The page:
The topological Hall effect from a skyrmion spin texture is associated with a topological winding number of the skyrmion Tokura2017 (). It is important to distinguish it from the skyrmion Hall effect which refers to the deflection of skyrmion center due to the Magnus force. The Magnus force is according to micromagnetic calculations not present in AF skyrmions, which implies that AF skyrmions might move in straight lines Barker2016 (). This is favorable when considering skyrmions for storing information in racetracks. Finally, the topological Hall effect in AF skyrmions with a compensating sublattices vanishes, while the topological spin Hall effect can be still sizable and can be used to detect an AF skyrmion Buhl2017 (); Gobel2017 ().

5 Summary

Antiferromagnetic spintronics has been recently established as a new branch of magnetism MacDonald2011 (); Jungwirth2016 (); Smejkal2017 (); Sander2017a (). In parallel, last few years have seen progress in coupling magnetism with topological states of matter, giving rise to a new spin-off: topological spintronics Fan2016b (). We have shown that AF order might play an important role in topological spintronics due to the unique AF symmetries Smejkal2017a (). While signatures of correlated AF WSM were already observed Kuroda2017 (), other topological AF phases remain to be discovered. The large signal to noise ratio was reported in magnetoresistance signals of topological semimetals Smejkal2016 (); Kuroda2017 (). Further theoretical and experimental progress will possibly lead to topological spintronics effects improving the reading and writing signals in AFs Smejkal2017a (). The progress in writing efficiency due to the nontrivial topologies is in its infancy, although an increase of the spin Hall angle in TI/FMMellnik2014 (), TI/MTIFan2014a (), or TI/ferrimagnetic systems Han2017 () was already reported and novel mechanisms for dissipationless SOT were suggested Hanke2017a (). Here we focused on the state-of-the-art effects which were predicted, and some of them already experimentally confirmed, in antiferromagnetic systems. The unique AF symmetries and the abundancy of AF allow for other research directions to emerge such as topological superconductivity in AFs and spintronics based on antiferromagnetic skyrmions Smejkal2017a ().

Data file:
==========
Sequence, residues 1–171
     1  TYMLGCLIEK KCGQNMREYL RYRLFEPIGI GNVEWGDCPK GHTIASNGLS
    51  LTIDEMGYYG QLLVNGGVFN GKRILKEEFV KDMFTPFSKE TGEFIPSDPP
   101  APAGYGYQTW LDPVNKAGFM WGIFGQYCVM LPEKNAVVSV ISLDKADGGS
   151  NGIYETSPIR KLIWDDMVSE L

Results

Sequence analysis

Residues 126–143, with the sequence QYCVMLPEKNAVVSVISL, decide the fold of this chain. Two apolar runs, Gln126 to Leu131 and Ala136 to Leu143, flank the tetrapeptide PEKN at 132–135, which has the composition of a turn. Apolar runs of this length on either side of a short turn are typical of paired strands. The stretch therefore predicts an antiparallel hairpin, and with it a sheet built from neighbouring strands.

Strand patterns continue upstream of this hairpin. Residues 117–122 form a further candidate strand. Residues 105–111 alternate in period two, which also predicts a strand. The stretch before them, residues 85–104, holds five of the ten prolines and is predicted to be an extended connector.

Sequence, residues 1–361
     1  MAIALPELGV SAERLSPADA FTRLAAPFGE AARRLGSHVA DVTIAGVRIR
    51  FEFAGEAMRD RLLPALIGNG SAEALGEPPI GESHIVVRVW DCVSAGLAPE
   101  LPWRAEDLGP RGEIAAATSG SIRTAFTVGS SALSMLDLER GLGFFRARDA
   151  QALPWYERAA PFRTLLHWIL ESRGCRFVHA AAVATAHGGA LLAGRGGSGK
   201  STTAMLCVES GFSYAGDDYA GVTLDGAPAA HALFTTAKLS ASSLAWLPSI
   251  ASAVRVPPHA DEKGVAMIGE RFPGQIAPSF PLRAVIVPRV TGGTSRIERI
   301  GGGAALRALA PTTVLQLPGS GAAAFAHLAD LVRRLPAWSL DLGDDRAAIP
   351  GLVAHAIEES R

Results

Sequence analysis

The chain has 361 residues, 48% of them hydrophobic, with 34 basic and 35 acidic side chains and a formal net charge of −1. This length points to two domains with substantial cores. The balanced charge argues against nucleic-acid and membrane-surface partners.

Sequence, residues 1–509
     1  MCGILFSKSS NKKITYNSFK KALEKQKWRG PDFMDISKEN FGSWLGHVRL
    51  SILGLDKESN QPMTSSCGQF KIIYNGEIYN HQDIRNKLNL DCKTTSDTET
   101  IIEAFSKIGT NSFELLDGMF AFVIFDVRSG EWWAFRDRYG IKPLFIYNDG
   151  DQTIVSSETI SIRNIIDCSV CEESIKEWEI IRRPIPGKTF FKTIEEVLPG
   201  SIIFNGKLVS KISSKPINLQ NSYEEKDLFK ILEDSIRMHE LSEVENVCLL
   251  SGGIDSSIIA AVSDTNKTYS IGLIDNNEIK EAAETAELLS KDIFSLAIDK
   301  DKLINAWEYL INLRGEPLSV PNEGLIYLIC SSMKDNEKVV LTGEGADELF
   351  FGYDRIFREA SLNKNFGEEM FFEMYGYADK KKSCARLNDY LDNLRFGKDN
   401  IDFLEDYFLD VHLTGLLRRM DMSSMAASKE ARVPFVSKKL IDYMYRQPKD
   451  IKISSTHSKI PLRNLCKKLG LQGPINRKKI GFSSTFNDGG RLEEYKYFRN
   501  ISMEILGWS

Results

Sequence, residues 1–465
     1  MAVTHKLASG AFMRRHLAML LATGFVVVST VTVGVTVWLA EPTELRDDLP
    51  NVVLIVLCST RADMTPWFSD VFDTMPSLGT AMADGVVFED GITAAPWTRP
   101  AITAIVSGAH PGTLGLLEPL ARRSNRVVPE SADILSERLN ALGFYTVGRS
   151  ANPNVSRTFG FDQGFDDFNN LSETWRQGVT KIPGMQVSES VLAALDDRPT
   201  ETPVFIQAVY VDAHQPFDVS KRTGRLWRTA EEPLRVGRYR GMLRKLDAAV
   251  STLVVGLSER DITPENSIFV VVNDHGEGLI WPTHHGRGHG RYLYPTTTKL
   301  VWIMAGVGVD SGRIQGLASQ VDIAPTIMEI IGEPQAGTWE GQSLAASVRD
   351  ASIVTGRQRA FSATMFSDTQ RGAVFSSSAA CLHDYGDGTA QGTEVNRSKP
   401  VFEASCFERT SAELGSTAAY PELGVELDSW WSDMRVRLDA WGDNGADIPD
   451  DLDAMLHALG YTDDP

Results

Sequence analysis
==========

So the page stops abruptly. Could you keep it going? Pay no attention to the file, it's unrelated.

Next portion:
We acknowledge support from the Ministry of Education of the Czech Republic Grants LM2015087 and LNSM-LNSpin, the Grant Agency of the Czech Republic Grant No. 14-37427, and the EU FET Open RIA Grant No. 766566.


Comments 0
Request Comment
You are adding the first comment!
How to quickly get a good reply:
  • Give credit where it’s due by listing out the positive aspects of a paper before getting into which changes should be made.
  • Be specific in your critique, and provide supporting evidence with appropriate references to substantiate general statements.
  • Your comment should inspire ideas to flow and help the author improves the paper.

The better we are at sharing our knowledge with each other, the faster we move forward.
The feedback must be of minimum 40 characters and the title a minimum of 5 characters
Add comment
Loading ...
This is a comment super asjknd jkasnjk adsnkj
The feedback must be of minumum 40 characters
The feedback must be of minumum 40 characters

You are asking your first question!
How to quickly get a good answer:
  • Keep your question short and to the point
  • Check for grammar or spelling errors.
  • Phrase it like a question
Test description